Action in the big lake has been hot and cold as far as fishing catching... even though the weather has been HOT! Joe Yaeger of E. Amherst and president of LOTSA noted that the best king fishing has been in 100 to 250 feet of water with flasher and fly combos off Olcott. While a fair number of boats were out at mid-week off Olcott between the port and the power plant, fish were being caught out to 400 foot depths and magnum spoons were doing well for Capt. Bob Cinelli of Newfane. Outdoor scribe Will Elliott of Pavilion and Christian Hilts of Grand Island traded some nice catches back and forth on Tuesday with spoons - NBK and Wonder Bread. Elliott caught several off a 350 foot copper line including a 10-plus pound steelhead; Hilts caught kings up to 20 pounds for the day. Fish were found in the top 70 feet of water. Look for bait with decent water temperatures. The day before Cinelli hit three kings over 20 pounds - a nice catch that was part of his customer's limit for the day. The next day it took them a while to wait for salmon and trout to start hitting. Be patient!
Bass, musky, walleye and perch are all available throughout the river system. You do have to work for them, with bass and walleye coming with the least amount of effort. One of the best spots has been the head of the river. Also around Strawberry and Motor islands. It's important to emphasize that the Canadians have been enforcing live bait regulations and writing tickets to fishermen who are using minnows, shiners, crayfish and leeches that have not been purchase in Canada. It is illegal to dip bait in Canadian waters if you are a non-resident. It is also illegal to use nightcrawlers that is in dirt, but bedding is okay.
Best action the past week has been for walleye according to Capt. Steve Drabczyk of Lewiston. The walleye bite was good for them three days in a row at the mouth of the river where it empties into Lake Ontario. Joe Wisenbaler of Morgantown, West Virginia was fishing with his son Tyler earlier this week and managed to catch his first walleye ever - an 11 pound, 9 ounce monster that hit a charteuse worm harness with six beads and a No. 3.5 silver willow blade. According to Drabczyk, the leader material was Stay Straight and it's been working great. The fish came from 25 feet of water and it wasn't the only walleye they caught. The lunker has already been taken to Nature's Way Taxidermy for a fish mount. Later that same day, Drabczyk went out with Joe Oliverio and Cal Neff, both of Lewiston, that they continued catching 'eyes - including a 12-plus pounder that was released unharmed. Stay inside of 30 feet in the lake. As soon as you hit 30 feet, you will have problems with silver bass. Bass fishing in the river has been tough. Artificials seem to be out-producing live bait right now.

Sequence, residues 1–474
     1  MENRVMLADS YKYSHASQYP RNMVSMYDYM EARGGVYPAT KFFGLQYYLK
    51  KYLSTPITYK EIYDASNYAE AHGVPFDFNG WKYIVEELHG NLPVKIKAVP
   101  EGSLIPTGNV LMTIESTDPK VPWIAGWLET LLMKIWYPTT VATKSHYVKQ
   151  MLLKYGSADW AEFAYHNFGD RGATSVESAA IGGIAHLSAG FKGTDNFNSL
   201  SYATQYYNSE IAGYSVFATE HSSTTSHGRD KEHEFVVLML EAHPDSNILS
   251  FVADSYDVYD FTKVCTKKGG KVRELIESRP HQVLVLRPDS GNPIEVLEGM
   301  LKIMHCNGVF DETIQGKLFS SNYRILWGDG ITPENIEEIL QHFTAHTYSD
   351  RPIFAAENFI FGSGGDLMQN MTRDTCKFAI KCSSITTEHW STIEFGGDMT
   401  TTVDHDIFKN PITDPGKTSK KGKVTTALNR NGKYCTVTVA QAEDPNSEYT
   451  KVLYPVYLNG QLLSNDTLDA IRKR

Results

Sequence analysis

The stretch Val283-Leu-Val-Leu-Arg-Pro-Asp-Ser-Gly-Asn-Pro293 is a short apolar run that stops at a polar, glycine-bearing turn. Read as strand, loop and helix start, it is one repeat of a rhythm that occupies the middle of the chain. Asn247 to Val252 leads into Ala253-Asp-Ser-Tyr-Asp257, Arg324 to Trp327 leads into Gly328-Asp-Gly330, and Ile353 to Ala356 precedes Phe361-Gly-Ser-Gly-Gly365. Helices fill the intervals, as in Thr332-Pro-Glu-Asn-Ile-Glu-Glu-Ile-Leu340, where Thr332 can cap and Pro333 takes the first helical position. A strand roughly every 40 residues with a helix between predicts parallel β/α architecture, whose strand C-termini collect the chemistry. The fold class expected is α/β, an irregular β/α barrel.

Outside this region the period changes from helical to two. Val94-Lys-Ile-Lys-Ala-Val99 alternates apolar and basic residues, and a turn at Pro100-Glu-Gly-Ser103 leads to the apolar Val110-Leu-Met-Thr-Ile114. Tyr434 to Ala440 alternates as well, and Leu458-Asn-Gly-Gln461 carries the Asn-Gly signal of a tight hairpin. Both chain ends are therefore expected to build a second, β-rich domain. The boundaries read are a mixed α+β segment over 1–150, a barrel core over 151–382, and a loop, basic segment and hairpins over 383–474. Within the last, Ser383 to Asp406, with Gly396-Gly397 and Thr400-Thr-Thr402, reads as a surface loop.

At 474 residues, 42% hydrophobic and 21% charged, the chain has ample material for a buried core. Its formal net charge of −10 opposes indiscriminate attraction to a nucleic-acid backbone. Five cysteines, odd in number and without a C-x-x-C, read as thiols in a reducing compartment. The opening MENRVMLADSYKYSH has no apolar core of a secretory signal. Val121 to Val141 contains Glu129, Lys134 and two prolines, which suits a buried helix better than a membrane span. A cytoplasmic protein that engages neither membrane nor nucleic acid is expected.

Walleye have been moving around so you may have to look around a little to find the bigger schools of fish. A good case in point was Bob Hubler of Niagara Falls who was the waters between the departure buoy and the Canadian line in 40 to 50 feet of water with worm harnesses earlier in the week. One day he boated 61 walleye; the next day it was just two fish. If you can find the fish you can do well. Good reports are still coming from Dunkirk and west from 70 to 80 feet of water. Bass fishing continues to be decent from Barcelona to Buffalo. Find structure and you will find fish. Tubes, drop shot rigs, shiners and crayfish are all working. Target 20 to 40 foot depths. Perch fishing has been spotty but some fish have been caught out of Cattaraugus Creek over 60 foot depths.
Bill Hilts Jr. is a past president of the New York State Outdoor Writers Association. Hilts is an avid outdoorsman, an outdoor writer who has contributed articles to numerous national and local magazines, newspapers, and other publications. Hilts is also responsible for Niagara County Tourism Sportfishing Programs. He freelances from his home in Sanborn N.Y. Hilts was inducted in the New York State Outdoorsmen Hall of Fame in the Spring of 2007!
His column is seen in the Niagara Gazette on Fridays. The Niagara Gazette is the area's leading outdoors sports information newspaper.
The smallmouth bass bite has cooled off lately. Bottom bouncing rigs with live bait have produced catches of smallmouth bass, sheepshead, white bass and the rare walleye. Casting stickbaits towards shore will also produce bass catches. There has been a good walleye bite around the mouth of the river and out onto the Niagara Bar. Drifting with a 3-way bottom bouncing rig and worm harness or yellow sally rig (with worm) are traditional river walleye tactics
Trout and salmon fishing in Ontario's western basin continues to improve. Off Olcott, trollers are catching some mature king salmon (chinook salmon) at daybreak, 60 feet down over 80 feet of water. As the morning progresses, the better action shifts to 150-250 feet of water where anglers catch a variety of trout and salmon. Run lures 90-120 feet down for mature kings. Trollers working depths of 250 feet plus, are catching a mix of steelhead, coho salmon and king salmon in the top 70 feet. Large spoons, flasher-fly combos and meat rigs are all catching kings. In addition, brown trout are hitting spoons inside 80 feet of water
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